Black College Student’s Search For “Black Only” Roommate Causes Uproar
A group of black college roommates at Pitzer College were minding their business searching for a 4th off-campus roommate when white tears drenched their Facebook post.
Pitzer College student Karé Ureña posted on Facebook that she and some friends were in search of an additional roommate. She added that all potential roommates must be “POC (person of color) only.”
Students begin to question why only a “POC” and call out the post as being racist. Other students disagreed.
One student questioned wrote “housing segregation is illegal.”
Another post read: “I think that a POC-only housing policy is about as clear-cut an example of prejudice as one could find. I completely understand the desire not to live with people who could be racist, but excluding all white people is an extremely blunt instrument to achieve that end and a harmful overgeneralization.”
To some, Ureña’s request was completely understandable following a racially charged year when many black students demanded more support from the administration.
Other posts supporting the decision read “White people have cause[d] so much trauma on these campuses . . . why in the world would I want to bring that into my home? A place that is supposed to be safe for me?”
But are the students wrong for creating an exclusive place just for them?
“It’s exclusive [because] I don’t want to live with any white folks,” wrote Karé Ureña.
“When and if you understand this context, it becomes clear that students of color seeking a living space that is all-POC is not only reasonable, but can be necessary,” the roommates wrote to The Post. “We live in a world where the living circumstances of POC are grounded in racist social structures that we can not opt out of. These conditions threaten the minds, bodies and souls of people of color both within and without the realms of higher education. We are fighting to exist.”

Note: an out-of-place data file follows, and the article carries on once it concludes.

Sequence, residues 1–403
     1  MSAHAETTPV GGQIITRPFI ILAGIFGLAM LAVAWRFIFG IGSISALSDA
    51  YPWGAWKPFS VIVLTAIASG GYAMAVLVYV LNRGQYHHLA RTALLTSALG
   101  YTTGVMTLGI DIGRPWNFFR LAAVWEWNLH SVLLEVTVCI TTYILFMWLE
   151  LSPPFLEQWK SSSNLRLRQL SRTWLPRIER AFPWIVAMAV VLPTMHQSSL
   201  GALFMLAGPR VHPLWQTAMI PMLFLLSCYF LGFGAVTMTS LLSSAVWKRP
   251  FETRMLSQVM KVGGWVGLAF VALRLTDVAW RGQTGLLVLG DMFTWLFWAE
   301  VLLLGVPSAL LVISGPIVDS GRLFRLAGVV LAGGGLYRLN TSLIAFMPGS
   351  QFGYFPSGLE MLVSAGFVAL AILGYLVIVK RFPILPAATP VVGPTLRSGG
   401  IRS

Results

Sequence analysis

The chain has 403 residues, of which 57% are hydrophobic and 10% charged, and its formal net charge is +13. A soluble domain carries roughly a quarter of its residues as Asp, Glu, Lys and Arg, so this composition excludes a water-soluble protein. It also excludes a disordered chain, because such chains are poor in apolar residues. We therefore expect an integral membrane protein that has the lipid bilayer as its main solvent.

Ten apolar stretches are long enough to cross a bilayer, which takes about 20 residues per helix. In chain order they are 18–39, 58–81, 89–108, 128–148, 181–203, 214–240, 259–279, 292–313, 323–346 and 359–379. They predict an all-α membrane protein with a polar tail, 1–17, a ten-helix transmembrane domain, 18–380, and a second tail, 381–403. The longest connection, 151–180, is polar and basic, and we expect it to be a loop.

Asked if the debate that unfolded was a reflection of national events and a glimpse of what the mood on many campuses may be like this coming year, they responded: “Our people are being killed. Every which way, through every which angle. Our people are being killed. Our housing arrangements are not racist. They are not exclusive. We are simply fighting to exist and we are fighting to exist in whatever way we can.”
Dalia Zada was extremely disappointed in the Claremont Independent who originally posted the debate and chose to use a photograph depicted a black man drinking from a fountain labeled, “FOR COLORED ONLY” to accompany their article.
— RightsDefender (@SecAmWorcTea) August 10, 2016
Pitzer President Melvin Oliver — a sociologist who is an expert on racial inequality and Pitzer College’s first African American president— sent a message to the campus community Wednesday about the housing ad and the debate it sparked.
While Pitzer is a community of individuals passionately engaged in establishing intracultural safe spaces for marginalized groups, the Facebook post and several subsequent comments are inconsistent with our Mission and values. …
This is but another example to us that social media is not an effective platform to engage in complex dialog on seemingly intractable critical issues that have varied histories and contested understandings. They create more heat than light and invite extreme viewpoints that intentionally obfuscate the nuanced context that surrounds these issues. Pitzer offers its new 2-course Intercultural Understanding requirement and dedicates new curricular and extra curricular programming to address difficult issues of racism, diversity, community discourse and national and international political conflict.
Pitzer is part of Claremont Colleges, a group of small liberal arts schools in Claremont, California, that also comprises Scripps College, Claremont McKenna College, Harvey Mudd College and Pomona College, as well as Claremont Graduate University and Keck Graduate Institute of Applied Life Sciences.
According to school data, 48% of Pitzer’s 1,067 undergraduates are white; only 5% are African American.
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